HKS Authors

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James R. Schlesinger Professor of the Practice of Energy, National Security, and Foreign Policy


The diffusion of enrichment and reprocessing (E&R) technologies can increase the risk of the proliferation of nuclear weapons in several ways. First, enrichment and reprocessing facilities can produce nuclear materials – highly enriched uranium (HEU) and separated plutonium—that are directly usable in nuclear weapons. With such materials, a state could abrogate its nonprolifera - tion commitments and produce a nuclear weapon within a short period of time. Given the legal ability of a party to the Treaty on the Non-Proliferation of Nuclear Weapons (NPT) to acquire enrichment and reprocessing facilities, produce weapon-usable materials and then withdraw from the Treaty after giving notice of its withdrawal three months in advance, a state would be free to develop nuclear weapons without, strictly speaking, violating the NPT.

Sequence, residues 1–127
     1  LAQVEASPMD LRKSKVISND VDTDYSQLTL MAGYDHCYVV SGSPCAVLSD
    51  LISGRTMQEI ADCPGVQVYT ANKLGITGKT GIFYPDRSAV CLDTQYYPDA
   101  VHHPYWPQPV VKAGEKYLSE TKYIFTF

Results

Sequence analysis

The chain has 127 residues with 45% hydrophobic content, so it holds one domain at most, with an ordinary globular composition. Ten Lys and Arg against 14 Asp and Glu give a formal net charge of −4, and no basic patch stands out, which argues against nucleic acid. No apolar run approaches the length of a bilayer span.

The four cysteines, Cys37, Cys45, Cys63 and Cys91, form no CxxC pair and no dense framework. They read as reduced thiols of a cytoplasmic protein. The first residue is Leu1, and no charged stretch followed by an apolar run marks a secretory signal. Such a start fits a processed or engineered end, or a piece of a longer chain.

McGoldrick, Fred, with contributions by Matthew Bunn, Martin Malin, and William H. Tobey. "Limiting Transfers of Enrichment and Reprocessing Technology: Issues, Constraints, Options." Project on Managing the Atom, Belfer Center for Science and International Affairs, Harvard Kennedy School, May 2011.